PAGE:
In the summer of 1993, Thomas Harding travelled to Germany with his grandmother to visit a house by a lake. It had been a holiday home for her family, that she had been forced to leave as the Nazis swept to power.
As he began to piece together the lives of the five families who had lived, he realised that this house had witnessed violence, betrayals and murders, had withstood the trauma of a world war and the dividing of a nation.
©2015 Thomas Harding (P)2015 W F Howes Ltd
"A gripping thriller, an unspeakable crime, an essential history." (John Le Carré on Hanns and Rudolf)
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"A historical treasure"
Mark Meadows narration is excellent. It is clear throughout and his pronunciation of German words/terms is spot on, which I appreciation.
This book is actually very unique in my opinion in that it is the history of a century told from one central location, a small house in the village of Groß Glienicke close to Berlin. However, it is also a history of the village itself, and of Berlin and of Germany. I also think that the best history books are those that tell the story through they eyes of the people who experienced it, which this book does brilliantly.
I felt a lot of the characters touched me in their own way. The Jewish Alexander family, who bought the house as a family retreat, only to have to abandon it following anti-Semitic persecution by the ruling Nazi party. Then the famous German composer Will Meisel and his famous actress wife who also abandoned it following Soviet occupation of East Germany. Then Kühne who lived their probably the longest but could never look out and see the lake due to the Berlin wall blocking the view. It is fascinating how world events outside had such an impact on all who lived in the little house.
I felt quite amazed toward the end of the book, just looking back at how time passes and life goes on. I did feel quite emotional after finishing the book and then looking online at the restoration project, Alexander Haus. There are some videos on that site, one is filmed when Elsie Harding (one of the Alexander daughters) then elderly returns to the house and meets Wolfgang Kühne who then shows her around her past childhood retreat. Elsie recalls how it all used to be, and I felt a tear well up then.
This is a very special and important book in European, and indeed, world history. I speak German so I was able to understand the occasional German word. This isn't essential but it is nice to understand the title of a song, or something written on a sign, there aren't loads of these and the important ones usually have translation by the author. As someone who is very interested in Germany this was especially interesting to me. I also enjoyed learning about the composer Will Meisel, whose film scores I will now have to dig out and listen to! Overall this is a remarkable story of people and of a place that connects them all together throughout generations.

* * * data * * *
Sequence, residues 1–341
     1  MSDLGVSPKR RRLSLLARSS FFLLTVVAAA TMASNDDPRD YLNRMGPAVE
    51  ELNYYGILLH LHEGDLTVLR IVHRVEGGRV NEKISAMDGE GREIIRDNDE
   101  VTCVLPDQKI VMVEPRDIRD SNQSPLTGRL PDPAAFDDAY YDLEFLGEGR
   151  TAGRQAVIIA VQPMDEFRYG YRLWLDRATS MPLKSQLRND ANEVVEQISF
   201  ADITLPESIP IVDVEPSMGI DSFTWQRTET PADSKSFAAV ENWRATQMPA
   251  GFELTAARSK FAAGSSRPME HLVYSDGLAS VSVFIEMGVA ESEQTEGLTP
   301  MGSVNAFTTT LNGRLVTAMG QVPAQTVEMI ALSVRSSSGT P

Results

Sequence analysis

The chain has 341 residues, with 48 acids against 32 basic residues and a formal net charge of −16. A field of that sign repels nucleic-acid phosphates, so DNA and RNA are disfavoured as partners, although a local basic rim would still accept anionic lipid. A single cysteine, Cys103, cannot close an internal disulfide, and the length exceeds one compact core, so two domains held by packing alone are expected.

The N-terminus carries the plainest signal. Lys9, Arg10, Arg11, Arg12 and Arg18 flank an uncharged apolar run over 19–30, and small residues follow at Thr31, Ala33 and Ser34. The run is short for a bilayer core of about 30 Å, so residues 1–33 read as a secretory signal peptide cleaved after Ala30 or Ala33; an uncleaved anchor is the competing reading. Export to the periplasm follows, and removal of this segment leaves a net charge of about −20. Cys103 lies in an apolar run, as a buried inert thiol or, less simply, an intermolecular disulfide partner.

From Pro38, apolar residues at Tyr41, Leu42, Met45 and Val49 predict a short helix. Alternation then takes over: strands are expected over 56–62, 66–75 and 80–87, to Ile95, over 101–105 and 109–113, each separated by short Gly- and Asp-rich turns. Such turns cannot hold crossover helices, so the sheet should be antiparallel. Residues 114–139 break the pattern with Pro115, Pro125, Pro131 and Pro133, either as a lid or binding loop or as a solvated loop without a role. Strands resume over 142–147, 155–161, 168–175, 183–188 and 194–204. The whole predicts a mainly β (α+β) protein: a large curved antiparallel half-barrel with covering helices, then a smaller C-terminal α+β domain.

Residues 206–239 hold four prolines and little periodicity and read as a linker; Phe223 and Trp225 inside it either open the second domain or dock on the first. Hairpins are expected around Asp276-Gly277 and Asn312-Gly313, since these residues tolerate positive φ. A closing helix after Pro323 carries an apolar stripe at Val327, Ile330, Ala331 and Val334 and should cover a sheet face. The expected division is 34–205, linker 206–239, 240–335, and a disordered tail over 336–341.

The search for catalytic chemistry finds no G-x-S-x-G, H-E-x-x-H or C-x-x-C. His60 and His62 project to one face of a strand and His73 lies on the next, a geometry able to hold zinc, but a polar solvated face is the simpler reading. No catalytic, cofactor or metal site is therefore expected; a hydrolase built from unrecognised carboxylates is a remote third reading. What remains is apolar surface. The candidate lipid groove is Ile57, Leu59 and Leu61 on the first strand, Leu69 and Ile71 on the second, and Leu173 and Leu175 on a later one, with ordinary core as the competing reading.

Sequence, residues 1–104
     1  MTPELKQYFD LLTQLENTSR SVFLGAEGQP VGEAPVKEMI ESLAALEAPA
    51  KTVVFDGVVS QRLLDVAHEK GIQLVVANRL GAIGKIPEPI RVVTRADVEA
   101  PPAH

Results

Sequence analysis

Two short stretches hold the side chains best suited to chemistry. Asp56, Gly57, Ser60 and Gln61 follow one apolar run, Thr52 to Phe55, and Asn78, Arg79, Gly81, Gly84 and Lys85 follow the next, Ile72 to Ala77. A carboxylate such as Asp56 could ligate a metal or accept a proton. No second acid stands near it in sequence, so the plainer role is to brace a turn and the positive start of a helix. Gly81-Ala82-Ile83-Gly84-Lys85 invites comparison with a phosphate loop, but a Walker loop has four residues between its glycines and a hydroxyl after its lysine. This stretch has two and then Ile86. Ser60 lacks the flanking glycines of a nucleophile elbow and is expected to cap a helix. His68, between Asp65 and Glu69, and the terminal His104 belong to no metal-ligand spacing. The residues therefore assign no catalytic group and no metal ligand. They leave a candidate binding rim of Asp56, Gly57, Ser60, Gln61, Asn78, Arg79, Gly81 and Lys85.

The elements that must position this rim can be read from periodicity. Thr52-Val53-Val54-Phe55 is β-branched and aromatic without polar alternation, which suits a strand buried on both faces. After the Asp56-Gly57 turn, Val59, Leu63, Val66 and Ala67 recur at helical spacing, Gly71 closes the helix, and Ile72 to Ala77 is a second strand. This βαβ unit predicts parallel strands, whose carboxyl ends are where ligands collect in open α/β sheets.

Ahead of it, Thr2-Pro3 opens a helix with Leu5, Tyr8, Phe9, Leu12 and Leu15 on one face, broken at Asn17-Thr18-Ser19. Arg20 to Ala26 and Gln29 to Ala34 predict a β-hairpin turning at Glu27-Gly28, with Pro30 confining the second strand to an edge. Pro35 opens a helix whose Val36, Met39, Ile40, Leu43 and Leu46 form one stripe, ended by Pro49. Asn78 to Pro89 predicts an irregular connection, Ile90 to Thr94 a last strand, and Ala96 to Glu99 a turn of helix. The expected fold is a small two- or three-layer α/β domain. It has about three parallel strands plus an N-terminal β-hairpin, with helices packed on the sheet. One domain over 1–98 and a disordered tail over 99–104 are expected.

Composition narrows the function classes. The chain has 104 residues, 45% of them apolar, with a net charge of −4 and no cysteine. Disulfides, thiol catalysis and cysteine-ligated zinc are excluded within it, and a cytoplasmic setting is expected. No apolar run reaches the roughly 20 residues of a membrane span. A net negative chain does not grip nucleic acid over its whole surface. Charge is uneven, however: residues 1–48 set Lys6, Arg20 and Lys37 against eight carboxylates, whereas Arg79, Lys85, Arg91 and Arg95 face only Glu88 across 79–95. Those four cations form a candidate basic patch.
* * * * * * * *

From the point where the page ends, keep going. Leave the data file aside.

"Good and bad"
The book depicts the history of this house near Berlin which saw inhabitants from the mid 1800s whose lives together make up a history lesson about Germany. German society and politics under the Kaiser, before and after WW1 and WW2 are illustrated through the series of owners and inhabitants of the house, including the author's ancestors.
Especially the early parts of the book were interesting, although much of the personal details of the inhabitants seemed unnecessary and the descriptive details were too concise to keep my attention all of the times.
The stories about the house after WW2 began to be more interesting again, with a variety of information about life in Eastern Germany that were impressive. Again, I felt uncomfortable knowing some of the more personal details of the inhanitants, thinking that I would not have that kind of information out there about me and my family.
At that point the book lost me again, as I wondered how ethical is was to document such information for the purpose of the book. It dawned on me that this was going to be a literary museum ratehr than an edited story.
The main point about the house is that many parties lay claim to it, due to changes of laws and misappropriations at various stages in history.
The house has become somewhat of a symbol of the history of Germany. Like I would in a museum, I wanted to skip the parts that weren't of interest to me and that contained too many details.
The ending made up for it with a rather moving last chapter and epilogue. Definitely recommended for people interested in European history and probably better read, as it is easier to skip parts and to benefit from the illustrations.
"20th CENTURY GERMANY - IN THE STORY OF A HOUSE "
Brilliant! I have listened to this several times and have painted images in my head of the house, the people and Berlin ... Great that it is now listed and I want to visit sometime in the future.
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